February 8, 2018 | Arizona Biltmore | Phoenix, Arizona


Cheryl Corcoran, M.S., M.D.
Associate Professor
Program Leader in Psychosis Risk
Department of Psychiatry
Icahn School of Medicine, Mount Sinai Hospital, New York, NY

Cheryl Corcoran, M.D. is a graduate of Harvard College and Harvard Medical School. She completed her internship and residency in adult psychiatry at The Cambridge Health Alliance, a research fellowship in Schizophrenia Research at Columbia University, and a Masters degree in biostatistics (Patient-Oriented Research track) at the Mailman School of Public Health.

Dr. Corcoran is Associate Professor of Psychiatry and Program Leader in Psychosis Risk at the Icahn School of Medicine at Mount Sinai in New York City.

Dr. Corcoran’s clinical and research expertise is in the early stages of schizophrenia, including the period of clinical high risk (CHR) for psychosis and first episode psychosis (FEP). Her research focuses on ethics and phenotypic characterization, including the use of automated natural language processing (NLP) methods to characterize disturbance in language across stages of schizophrenia, a project conducted in collaboration with Dr. Guillermo Cecchi of IBM. Dr. Corcoran co-developed the Structured Interview for Prodromal Syndromes/Scale of Prodromal Symptoms (SIPS/SOPS) in 1999, and founded a prospective prodromal cohort study in 2005. She has authored 89 manuscripts on schizophrenia, encompassing automated speech analyses, sensory processing, social cognition, neuroimaging, clinical correlates, cannabis/stress exposures, nosology, stigma, and ethics. More than 50 of her publications focus on the prodromal phase that precedes the onset of schizophrenia.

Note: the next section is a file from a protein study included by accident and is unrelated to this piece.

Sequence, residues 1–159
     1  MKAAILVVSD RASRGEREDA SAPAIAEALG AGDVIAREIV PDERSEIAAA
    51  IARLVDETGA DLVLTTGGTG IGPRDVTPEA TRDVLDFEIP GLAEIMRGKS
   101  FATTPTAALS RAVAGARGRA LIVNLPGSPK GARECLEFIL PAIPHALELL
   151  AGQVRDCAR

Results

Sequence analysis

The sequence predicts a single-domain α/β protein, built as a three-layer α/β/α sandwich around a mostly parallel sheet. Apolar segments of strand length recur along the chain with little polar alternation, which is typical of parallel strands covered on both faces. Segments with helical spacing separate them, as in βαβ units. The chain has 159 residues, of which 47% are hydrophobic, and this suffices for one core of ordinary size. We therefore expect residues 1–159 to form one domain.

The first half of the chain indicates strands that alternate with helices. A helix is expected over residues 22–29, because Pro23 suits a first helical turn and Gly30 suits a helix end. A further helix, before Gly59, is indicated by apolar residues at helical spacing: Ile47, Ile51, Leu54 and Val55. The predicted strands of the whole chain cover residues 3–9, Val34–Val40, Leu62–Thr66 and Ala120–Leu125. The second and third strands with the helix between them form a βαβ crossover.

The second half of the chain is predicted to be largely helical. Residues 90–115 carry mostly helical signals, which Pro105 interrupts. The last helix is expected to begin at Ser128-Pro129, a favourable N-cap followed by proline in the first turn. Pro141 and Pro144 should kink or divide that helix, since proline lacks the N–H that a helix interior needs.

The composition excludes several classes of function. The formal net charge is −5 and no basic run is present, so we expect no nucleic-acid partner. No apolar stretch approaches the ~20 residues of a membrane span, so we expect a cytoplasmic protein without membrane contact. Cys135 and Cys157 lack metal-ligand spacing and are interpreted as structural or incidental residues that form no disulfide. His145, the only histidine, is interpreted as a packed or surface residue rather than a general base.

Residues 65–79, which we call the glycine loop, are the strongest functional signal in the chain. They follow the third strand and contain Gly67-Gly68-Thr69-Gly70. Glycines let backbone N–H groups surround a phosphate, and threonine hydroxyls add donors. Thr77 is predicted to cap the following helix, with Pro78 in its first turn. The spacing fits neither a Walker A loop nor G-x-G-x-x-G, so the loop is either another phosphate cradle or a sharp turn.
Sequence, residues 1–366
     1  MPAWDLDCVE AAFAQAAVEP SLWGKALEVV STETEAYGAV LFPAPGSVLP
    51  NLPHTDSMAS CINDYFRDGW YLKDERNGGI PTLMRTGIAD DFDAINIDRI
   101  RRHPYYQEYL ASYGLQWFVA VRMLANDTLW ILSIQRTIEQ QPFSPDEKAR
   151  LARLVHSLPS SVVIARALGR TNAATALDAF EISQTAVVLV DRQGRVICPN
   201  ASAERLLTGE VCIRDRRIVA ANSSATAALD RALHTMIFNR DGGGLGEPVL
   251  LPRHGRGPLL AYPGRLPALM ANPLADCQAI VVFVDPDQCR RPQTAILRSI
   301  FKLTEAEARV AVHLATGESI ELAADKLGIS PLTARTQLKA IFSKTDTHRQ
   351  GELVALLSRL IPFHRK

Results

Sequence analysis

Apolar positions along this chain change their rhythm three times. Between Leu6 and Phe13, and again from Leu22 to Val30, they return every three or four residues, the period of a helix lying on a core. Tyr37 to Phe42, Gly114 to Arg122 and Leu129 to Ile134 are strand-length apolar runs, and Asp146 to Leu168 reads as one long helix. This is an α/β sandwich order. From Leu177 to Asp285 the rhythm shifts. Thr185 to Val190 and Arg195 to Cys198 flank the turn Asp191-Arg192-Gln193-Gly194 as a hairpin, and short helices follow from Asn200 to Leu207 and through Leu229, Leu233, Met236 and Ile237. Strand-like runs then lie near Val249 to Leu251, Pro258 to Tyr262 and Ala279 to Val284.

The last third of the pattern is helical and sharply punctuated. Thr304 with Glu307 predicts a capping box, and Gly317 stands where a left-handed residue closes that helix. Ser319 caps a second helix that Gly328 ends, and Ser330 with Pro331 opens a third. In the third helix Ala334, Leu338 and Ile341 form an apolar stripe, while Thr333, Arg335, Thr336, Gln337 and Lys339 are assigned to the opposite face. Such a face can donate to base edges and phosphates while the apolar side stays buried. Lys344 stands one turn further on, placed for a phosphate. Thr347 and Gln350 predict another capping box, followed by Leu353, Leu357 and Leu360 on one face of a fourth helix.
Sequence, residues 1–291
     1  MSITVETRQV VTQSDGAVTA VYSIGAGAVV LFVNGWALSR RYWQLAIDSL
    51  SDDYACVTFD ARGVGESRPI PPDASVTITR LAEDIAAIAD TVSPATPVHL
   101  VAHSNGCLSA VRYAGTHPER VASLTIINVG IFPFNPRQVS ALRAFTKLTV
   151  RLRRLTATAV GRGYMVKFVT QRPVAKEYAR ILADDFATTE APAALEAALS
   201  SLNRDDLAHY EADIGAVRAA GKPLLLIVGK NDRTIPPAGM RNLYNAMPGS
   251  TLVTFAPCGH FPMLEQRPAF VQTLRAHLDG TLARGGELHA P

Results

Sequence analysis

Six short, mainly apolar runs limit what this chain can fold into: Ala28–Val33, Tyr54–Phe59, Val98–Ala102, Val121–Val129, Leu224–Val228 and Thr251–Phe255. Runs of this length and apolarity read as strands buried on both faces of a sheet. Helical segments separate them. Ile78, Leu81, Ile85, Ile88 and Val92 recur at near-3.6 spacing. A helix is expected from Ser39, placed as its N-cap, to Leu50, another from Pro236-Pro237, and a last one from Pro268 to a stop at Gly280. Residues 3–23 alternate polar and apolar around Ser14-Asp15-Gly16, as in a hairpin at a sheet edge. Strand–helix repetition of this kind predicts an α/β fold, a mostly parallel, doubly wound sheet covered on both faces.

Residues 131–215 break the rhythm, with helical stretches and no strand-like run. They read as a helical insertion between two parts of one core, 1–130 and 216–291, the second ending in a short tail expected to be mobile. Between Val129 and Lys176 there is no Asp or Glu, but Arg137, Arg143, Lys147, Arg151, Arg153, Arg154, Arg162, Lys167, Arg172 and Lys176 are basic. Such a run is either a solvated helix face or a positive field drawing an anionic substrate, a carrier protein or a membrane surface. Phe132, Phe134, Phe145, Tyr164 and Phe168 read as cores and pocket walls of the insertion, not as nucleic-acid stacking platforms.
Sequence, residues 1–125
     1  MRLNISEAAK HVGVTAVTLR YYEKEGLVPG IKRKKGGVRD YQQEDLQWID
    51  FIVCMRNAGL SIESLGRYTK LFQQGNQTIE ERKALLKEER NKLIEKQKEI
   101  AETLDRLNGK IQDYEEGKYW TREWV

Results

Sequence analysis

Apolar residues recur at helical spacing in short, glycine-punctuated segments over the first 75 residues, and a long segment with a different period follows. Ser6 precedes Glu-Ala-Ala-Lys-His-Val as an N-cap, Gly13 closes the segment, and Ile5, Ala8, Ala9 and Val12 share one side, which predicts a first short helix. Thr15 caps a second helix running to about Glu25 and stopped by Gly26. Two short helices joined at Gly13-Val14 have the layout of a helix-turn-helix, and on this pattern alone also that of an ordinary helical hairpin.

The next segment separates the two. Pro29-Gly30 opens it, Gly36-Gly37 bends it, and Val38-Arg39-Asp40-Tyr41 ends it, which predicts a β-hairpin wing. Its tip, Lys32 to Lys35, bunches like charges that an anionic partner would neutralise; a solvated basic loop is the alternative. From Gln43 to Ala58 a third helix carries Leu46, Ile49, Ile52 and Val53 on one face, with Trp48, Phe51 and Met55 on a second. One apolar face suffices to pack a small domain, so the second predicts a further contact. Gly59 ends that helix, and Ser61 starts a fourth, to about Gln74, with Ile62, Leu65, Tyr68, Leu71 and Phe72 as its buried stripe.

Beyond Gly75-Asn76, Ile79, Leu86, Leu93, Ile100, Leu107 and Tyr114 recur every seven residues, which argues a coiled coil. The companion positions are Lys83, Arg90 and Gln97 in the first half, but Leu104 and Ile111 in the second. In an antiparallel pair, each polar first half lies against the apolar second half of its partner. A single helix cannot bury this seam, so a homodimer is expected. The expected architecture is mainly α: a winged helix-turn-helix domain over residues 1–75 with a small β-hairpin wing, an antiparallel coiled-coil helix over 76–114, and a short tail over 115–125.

Presentation: Can Schizophrenia Be Prevented?

Dr. Corcoran will review the current state of research on the prodromal phase of schizophrenia, attenuated psychosis syndrome, predictors of schizophrenia onset and functional outcome, and preventive interventions.

Learning objectives:

• Learn how to identify the clinical risk syndrome for psychosis
• Describe cognitive markers of psychosis risk, including language disturbance
• Understand the evidence that supports preventive therapies, and recognize targets for preventive intervention